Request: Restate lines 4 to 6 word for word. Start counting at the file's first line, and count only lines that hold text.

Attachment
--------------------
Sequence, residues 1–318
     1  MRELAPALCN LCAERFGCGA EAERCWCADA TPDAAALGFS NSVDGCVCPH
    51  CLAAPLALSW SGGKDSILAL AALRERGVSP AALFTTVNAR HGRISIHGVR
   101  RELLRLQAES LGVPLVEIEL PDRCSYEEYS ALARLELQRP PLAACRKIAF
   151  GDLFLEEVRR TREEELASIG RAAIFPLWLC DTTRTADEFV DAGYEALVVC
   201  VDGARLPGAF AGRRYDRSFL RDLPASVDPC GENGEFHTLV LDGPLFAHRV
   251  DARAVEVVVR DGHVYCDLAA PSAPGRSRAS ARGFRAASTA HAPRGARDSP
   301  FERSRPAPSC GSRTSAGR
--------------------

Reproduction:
   101  RELLRLQAES LGVPLVEIEL PDRCSYEEYS ALARLELQRP PLAACRKIAF
   151  GDLFLEEVRR TREEELASIG RAAIFPLWLC DTTRTADEFV DAGYEALVVC
   201  VDGARLPGAF AGRRYDRSFL RDLPASVDPC GENGEFHTLV LDGPLFAHRV